This course will examine how aesthetic notions of authenticity, realness, and truth came to inform the experience of jazz and blues and how these same notions helped to inspire the world-wide dissemination of popular music according to the forces of entertainment capitalism. Discussions and listening will pay particular attention to the early formation of jazz and blues as world genres, which, despite their associations with rural life in the U.S. South, principally emerged in urban, metropolitan contexts as symbols of modern culture and style.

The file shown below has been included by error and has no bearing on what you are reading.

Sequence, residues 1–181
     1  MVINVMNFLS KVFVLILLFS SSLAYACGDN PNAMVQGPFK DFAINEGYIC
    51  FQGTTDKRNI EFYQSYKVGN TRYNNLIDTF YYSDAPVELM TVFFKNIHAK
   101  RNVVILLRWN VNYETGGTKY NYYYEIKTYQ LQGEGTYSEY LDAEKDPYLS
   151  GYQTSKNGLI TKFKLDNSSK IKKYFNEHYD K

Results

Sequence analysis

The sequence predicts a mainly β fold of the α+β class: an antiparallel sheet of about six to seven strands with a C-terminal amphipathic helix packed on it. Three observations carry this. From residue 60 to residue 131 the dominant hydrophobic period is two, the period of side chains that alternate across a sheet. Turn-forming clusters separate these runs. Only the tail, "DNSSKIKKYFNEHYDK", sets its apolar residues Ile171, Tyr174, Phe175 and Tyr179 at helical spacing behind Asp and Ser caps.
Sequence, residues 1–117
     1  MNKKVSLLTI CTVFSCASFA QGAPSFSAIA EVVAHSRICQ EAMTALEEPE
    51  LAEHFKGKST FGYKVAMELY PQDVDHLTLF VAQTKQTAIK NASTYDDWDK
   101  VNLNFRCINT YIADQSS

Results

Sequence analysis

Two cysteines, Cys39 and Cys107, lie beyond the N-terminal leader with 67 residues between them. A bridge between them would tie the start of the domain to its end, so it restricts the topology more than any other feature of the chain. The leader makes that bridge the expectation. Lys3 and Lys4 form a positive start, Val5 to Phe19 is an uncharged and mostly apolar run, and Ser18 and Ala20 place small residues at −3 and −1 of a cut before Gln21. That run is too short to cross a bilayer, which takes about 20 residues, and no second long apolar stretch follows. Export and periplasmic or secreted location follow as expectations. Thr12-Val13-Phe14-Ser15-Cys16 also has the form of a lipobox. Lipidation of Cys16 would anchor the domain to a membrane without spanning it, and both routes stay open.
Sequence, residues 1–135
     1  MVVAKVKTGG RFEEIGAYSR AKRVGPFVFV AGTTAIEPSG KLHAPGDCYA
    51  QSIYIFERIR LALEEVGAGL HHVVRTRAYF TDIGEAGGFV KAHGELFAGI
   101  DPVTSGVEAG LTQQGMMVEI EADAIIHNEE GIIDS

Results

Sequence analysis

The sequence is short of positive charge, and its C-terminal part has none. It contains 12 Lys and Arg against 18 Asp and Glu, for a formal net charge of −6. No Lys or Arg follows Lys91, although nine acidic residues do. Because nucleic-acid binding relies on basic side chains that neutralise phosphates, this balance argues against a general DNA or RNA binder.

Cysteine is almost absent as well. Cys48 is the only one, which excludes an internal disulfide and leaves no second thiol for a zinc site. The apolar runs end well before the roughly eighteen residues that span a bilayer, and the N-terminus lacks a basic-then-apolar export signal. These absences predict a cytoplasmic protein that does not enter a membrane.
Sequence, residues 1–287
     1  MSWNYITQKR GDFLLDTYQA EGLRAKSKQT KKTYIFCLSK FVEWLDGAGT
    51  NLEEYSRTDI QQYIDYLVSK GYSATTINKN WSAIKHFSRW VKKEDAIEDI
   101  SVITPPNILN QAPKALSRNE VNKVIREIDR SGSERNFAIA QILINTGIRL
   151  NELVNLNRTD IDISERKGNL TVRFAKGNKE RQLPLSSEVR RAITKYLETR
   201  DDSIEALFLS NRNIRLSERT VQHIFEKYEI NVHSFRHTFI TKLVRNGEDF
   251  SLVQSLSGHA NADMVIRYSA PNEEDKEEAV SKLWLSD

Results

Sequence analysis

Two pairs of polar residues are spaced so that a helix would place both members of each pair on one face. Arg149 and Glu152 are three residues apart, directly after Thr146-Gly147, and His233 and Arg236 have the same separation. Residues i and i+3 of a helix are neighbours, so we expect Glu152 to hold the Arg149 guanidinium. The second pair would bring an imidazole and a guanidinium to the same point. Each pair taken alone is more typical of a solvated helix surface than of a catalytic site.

The course will work from multiple sources: readings (principal), listening, and small, group-research projects. Topics will include: Robert Johnson, Leadbelly, and the cult of authenticity; the search for blues and jazz origins in African music; global jazz expansionism and the rise of U.S. imperialism; anticolonial and neocolonial musical movements in Africa, the Caribbean, and Europe (Fela, ska, London two-tone, Tokyo blues bands, K-Pop); Chicago blues and the rise of black entrepreneurship; blues and jazz in the contemporary world. Requirements will include a final, research paper or comparable exercise.